Red Acropora Abrotanoides
| Care Level
| Water Flow
Caring for thriving colonies of Acropora is often viewed as the pinnacle of reef keeping. These corals require a stable tank, high light levels and strong randomized flow. Successful Acropora husbandry is highly rewarding as these corals are known for being difficult to keep. There are over 150 species in this genus and they come in many different colourations and growth formations.
Acropora should be kept in a mature reef aquarium that has stable water parameters. While we have our preferred parameters for Alkalinity, Calcium, and Magnesium, Acropora will do far better in your system if you just focus on keeping the water chemistry stable. If your Alkalinity, Calcium, or Magnesium is out of line, our recommendation is to get it back to your target levels as slowly as possible.
The parameters we aim for are:
|| 8.3 dKH
|| 440 ppm
|| 1350 ppm
We maintain these levels by use of dosing pumps, with Brightwell Aquatics Reef Code A and Reef Code B.
It's important to understand that these are the levels that we aim for in our SPS system. However, that doesn't mean they are the right levels for your system. All aquariums are different and your system may naturally fall on a different balance. You're better off working with the balance your system tends towards than trying to force the same levels that we run.
In terms of flow, Acropora polyps should constantly be getting blown around in various directions. This is a good indication that you have the coral in strong randomized flow.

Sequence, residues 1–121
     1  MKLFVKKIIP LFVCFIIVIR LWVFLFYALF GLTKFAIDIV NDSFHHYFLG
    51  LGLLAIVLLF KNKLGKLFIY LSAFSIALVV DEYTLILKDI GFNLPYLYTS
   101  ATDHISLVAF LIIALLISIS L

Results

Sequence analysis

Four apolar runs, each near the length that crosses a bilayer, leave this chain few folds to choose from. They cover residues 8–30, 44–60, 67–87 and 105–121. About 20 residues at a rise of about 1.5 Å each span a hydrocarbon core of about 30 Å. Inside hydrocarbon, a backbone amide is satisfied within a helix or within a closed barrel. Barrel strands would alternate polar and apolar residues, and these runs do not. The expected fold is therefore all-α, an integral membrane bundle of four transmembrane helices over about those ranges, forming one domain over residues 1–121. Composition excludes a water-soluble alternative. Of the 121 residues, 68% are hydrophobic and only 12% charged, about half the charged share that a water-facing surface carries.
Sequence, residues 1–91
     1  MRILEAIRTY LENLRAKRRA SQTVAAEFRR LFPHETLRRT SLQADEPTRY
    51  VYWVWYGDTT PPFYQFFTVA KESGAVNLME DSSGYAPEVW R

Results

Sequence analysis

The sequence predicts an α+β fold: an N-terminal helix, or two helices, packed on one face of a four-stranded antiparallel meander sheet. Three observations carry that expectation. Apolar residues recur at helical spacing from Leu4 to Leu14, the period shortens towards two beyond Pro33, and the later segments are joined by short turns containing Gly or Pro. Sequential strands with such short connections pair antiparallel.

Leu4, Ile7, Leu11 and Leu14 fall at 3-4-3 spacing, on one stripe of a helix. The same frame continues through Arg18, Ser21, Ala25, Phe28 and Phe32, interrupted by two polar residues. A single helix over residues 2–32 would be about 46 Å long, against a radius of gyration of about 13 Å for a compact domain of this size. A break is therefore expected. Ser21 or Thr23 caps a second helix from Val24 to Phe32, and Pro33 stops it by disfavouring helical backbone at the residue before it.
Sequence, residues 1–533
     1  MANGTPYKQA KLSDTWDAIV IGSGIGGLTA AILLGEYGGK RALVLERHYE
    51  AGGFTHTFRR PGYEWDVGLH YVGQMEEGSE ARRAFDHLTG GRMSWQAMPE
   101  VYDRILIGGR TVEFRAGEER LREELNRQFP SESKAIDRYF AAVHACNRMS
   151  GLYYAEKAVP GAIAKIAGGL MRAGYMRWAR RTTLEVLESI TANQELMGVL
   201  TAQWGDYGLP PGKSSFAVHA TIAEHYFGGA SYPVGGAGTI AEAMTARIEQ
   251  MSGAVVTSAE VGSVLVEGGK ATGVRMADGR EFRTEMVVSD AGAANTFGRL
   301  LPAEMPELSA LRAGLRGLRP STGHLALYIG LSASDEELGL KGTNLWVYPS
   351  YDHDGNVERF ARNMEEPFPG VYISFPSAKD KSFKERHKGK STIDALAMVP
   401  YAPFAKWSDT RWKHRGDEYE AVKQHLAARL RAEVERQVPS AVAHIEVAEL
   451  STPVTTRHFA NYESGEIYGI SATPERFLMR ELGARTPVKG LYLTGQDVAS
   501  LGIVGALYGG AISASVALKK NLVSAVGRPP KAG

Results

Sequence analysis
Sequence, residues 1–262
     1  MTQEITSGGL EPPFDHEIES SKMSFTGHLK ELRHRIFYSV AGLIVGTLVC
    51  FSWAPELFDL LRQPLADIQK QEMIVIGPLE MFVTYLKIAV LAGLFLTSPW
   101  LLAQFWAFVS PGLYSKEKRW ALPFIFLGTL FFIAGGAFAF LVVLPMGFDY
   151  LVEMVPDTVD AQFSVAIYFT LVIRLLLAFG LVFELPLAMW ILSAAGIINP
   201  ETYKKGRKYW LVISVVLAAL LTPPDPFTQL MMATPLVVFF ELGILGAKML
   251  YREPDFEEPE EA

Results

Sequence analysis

Good flow is also important to ensure the underside of the colony remains healthy. Often as Acropora colonies grow larger the sides that stop receiving light will lose their polyp extension and their colour. While this is inevitable to some extent, we find that stronger flow will keep the underside of the colony looking healthier and more colourful.
Acropora are among the most light-loving corals in our tanks. We always recommend placing them high up on the rockwork where they will receive plenty of light. There are some exceptions to this such as thin branching deepwater Acropora, but we aim to keep most of our Acropora in 200-350 PAR.
Too little light can cause Acropora to turn brown, if this happens raise the coral in your tank or increase your light intensity. This is a slow process, however, assuming it has good flow and your water chemistry is stable it will regain its colour.